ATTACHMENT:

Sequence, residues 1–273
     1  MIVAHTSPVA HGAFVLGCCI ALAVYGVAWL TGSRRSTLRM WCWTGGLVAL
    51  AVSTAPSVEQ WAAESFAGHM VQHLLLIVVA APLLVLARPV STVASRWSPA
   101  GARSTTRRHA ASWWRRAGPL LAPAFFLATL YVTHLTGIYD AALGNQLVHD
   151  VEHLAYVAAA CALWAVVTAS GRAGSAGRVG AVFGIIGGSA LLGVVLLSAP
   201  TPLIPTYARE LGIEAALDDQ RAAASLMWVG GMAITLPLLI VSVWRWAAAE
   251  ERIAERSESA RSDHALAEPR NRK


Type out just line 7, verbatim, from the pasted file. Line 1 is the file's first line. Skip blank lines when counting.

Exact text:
   251  ERIAERSESA RSDHALAEPR NRK